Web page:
NHS resources will be squeezed by a £1 billion gap in social care funding, according to a new report.
The health service will come under increasing pressure from people whose needs are not met by local authority services, it said.
The King’s Fund think-tank warned that local authority social care services face a funding gap in excess of at least £1.2 billion by 2014/15.
This is despite the extra money pledged for social care in the government’s comprehensive spending review.
In the review ministers announced that social care would receive an extra £1 billion a year from NHS funds as part of an overall £2 billion of extra funding every year by 2014/15.
But this was set against a backdrop of 26% cuts in central government funding to local councils over four years.
The NHS has also been tasked with finding £15 to £20 billion in annual efficiency savings over the next few years.
The report calls for one single national settlement for health and social care.
It said: “Mounting demands on care budgets has led the government to identify additional resources in the spending review and to commission an independent review to recommend a more sustainable way of funding care for the future.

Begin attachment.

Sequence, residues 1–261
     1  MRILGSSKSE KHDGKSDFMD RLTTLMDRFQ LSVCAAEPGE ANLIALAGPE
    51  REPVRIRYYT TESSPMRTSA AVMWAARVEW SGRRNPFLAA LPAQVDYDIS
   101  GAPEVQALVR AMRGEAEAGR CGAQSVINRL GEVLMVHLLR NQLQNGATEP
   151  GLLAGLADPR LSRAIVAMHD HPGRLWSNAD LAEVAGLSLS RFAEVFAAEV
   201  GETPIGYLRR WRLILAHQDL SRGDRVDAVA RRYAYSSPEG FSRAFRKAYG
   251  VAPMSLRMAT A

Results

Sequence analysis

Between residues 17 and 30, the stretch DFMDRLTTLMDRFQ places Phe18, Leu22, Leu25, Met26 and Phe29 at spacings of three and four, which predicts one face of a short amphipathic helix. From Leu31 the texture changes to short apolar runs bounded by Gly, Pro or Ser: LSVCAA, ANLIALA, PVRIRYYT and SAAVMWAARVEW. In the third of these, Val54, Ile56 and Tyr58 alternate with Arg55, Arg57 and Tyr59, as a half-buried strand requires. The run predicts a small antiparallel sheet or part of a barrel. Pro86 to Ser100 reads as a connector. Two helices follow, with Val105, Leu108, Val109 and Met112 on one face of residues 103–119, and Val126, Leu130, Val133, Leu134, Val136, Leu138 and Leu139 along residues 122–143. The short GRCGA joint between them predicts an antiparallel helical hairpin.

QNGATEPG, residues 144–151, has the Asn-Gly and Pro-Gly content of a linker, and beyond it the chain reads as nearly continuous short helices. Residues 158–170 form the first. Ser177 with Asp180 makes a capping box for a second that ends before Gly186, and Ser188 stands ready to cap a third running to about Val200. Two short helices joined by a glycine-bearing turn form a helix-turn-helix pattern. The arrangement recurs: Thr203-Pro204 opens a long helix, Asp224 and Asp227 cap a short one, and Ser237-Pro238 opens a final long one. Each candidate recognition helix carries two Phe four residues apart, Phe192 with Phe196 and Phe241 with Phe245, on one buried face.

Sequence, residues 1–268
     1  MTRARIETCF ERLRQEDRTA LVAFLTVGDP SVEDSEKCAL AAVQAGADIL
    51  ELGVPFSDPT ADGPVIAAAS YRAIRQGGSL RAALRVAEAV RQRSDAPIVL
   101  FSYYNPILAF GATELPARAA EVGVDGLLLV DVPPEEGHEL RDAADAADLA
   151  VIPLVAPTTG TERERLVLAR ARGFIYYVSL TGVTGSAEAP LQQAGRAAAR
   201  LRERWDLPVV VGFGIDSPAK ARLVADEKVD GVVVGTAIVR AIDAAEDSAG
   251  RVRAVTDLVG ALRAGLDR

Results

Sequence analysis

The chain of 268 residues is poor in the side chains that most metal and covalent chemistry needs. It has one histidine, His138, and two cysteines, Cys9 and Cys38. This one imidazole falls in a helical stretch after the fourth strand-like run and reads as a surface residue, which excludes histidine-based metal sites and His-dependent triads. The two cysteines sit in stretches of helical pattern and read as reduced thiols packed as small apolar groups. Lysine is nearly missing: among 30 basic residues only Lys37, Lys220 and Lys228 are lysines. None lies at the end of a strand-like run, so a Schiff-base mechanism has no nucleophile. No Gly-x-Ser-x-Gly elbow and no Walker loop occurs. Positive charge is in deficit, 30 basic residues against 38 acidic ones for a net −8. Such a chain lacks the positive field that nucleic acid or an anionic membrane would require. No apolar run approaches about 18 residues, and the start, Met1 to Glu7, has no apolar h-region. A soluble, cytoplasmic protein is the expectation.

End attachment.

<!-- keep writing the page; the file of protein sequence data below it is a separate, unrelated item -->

“But a tough spending settlement for local government suggests that a funding gap of at least £1.2 billion could open up by 2014 unless all councils can achieve unprecedented efficiency savings.
“The consequences are that even fewer people will receive the care and support they need.
“This will have knock-on effects for people needing NHS care as there will be more emergency admissions to hospital, delayed discharges and longer waits for treatment.”
Richard Humphries, the report’s author, said: “Without action, fewer people will receive the care and support they need with knock-on effects on those unable to access NHS care.”
Care services minister, Paul Burstow, said: “We do not recognise the King’s Fund’s figures - they ignore the fact that local authorities will be making significant efficiency savings in social care.
“As the King’s Fund themselves acknowledge, when efficiency is taken into account, there is no funding gap.”
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